By: Steve Trubilla
The safest position for a politician to take when questioned is to remain neutral; never answering a direct question. Sit on the fence, do not take a position, let all sides believe you stand with them.
A seasoned incumbent once told me if you understand fences you will understand winning in politics. He said fences are used to control all manner of things. If strategically used with people you can keep them out of places, and cause them to go in any direction.
I shared with him another story a farmer had shared with me about fences and pigeons. The farmer said he did not like pigeons. They sit on my fences all day going nowhere, and dirty everything up with their droppings, he said.
The seasoned politician laughed, saying the farmer had a point and he could see the similarities to politics. He said it is not about going anywhere, it is about staying where you are by getting re-elected. Most people, he said, will get used to the pigeons and the droppings so long as they do not have to deal with either.
I feel this kind of sums things up when one asks why it is that questions never seem to get answered, and the piles of dropping, keep getting bigger.
It is true most people are happy just sitting on the fence, but not all people are. A few are willing to tear down the fence. Locally one of these people is a very successful retired local businessman named Bruce Allen.
Over a number of years he has been sounding the alarm about issues at the Franklin County Airport.
He is uniquely qualified to speak to these issues because he was a valued county employee with in-depth knowledge of every aspect of the airport.
Try as he did to bring attention to things it appeared many local officials simply were not listening to him. I suspect they were hoping he would just go away.
Well, for reasons that contradict the safe political sit-on-the-fence approach to issues, about midway through 2015, Commissioner Sidney Dunston issued a challenge to citizens saying if they had ideas on better ways to do things they should bring them forward. On June 1, 2015 at a county commissioners meeting that is exactly what Allen did, and not in a small way I might add.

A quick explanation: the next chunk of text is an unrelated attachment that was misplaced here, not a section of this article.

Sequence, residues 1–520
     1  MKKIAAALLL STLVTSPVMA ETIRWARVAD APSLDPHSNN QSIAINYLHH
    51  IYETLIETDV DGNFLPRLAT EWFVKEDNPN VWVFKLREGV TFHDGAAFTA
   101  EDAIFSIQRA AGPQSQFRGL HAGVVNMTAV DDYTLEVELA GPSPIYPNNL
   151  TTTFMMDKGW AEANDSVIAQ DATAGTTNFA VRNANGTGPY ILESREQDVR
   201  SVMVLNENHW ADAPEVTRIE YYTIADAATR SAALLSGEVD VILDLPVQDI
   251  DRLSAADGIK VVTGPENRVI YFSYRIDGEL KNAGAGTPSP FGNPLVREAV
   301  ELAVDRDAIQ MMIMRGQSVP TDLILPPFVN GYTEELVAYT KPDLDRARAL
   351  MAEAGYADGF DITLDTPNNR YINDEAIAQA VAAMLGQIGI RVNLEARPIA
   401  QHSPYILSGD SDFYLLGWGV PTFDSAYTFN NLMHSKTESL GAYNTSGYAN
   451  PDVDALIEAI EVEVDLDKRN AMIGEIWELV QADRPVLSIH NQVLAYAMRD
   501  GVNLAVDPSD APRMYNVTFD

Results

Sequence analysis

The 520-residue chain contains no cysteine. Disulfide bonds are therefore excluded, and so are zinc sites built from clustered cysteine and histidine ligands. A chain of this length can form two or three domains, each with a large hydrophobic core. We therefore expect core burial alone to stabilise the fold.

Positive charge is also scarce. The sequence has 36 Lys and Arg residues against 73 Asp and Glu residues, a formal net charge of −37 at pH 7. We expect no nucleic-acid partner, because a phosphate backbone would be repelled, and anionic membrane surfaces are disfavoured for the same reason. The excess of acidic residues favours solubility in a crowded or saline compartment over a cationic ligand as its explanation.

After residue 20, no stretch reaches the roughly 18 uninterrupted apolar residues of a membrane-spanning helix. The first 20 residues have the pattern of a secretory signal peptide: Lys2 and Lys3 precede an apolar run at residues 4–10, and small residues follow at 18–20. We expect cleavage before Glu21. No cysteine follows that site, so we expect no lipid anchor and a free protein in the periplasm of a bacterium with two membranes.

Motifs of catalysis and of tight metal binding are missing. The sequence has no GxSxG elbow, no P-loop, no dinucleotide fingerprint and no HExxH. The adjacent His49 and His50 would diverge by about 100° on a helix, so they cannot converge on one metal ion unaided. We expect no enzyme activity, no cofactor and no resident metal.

He did a powerful presentation complete with hard facts, slides, and documentation. His rendering exposed inefficiencies, safety problems, and environmental concerns at the airport. He backed up what he had to say with federal aviation manual regulations.
Specific issues included the costly repetitive replacement of fuel pumps at the fuel farm, faulty runway wiring for lights, oil/water separator failure and a general lack of maintenance.
He brought into question how hanger fees are assessed, stating they were not applied equally. More than this he demonstrated it to be fact with documents. He presented concerns of conflict of interest with those that may have personal business interests.
Allen's presentation was so fact filled it appeared to overwhelm some officials. I was present at this public meeting when an attempt was made to stop him from continuing by limiting him to speak for only five minutes.
As board members discussed if he would be allowed to continue Allen challenged the objection, pointing out the five-minute rule did not apply to public hearings. By so doing he demonstrated his knowledge of public meetings and processes.
Comprehensive does not begin to define the detail in which Allen answered Commissioner Dunston's challenge. He even provided an alternate budget plan for the airport, and with specificity, laid out cost savings.
Allen's testimony at this public hearing can be found on the official Franklin County website; http://www.franklincountync.us/. Navigate to the commissioner's tab, county commissioners' minutes, for previous minutes click here, then select 2015 June 1 meeting.
As of 4:30 p.m. on Feb. 8, 2016, Dunston had not responded to Allen's answer to his challenge. It has been 251 days. The pile of droppings continues to grow.
It has been reported that Commissioners David Bunn and Harry Foy have asked if Allen's concerns have been addressed by county officials. I could locate no evidence that they had.
Mr. Dunston, "Tear down that fence." Allen and the citizens of Franklin County deserve answers.
I will go further than this, Allen is deserving of public recognition for the service he has rendered to his fellow citizens. I ask that the Franklin County Board of Commissioners do so.
As of today there are 21 days until early voting starts on March 3 for the 2016 Primary election.
Franklin County has an opportunity to tear down many other fences. Two commissioners, Don Lancaster and Shane Mitchell, are not seeking reelection, and Commissioner Sidney Dunston faces a Primary challenge from local businessman Johnnie Clifton. At the end of this term Dunston will have been in office 12 years.
It is appropriate to thank those that have served.
We need to get out of neutral and drive forward toward economic development with new leadership.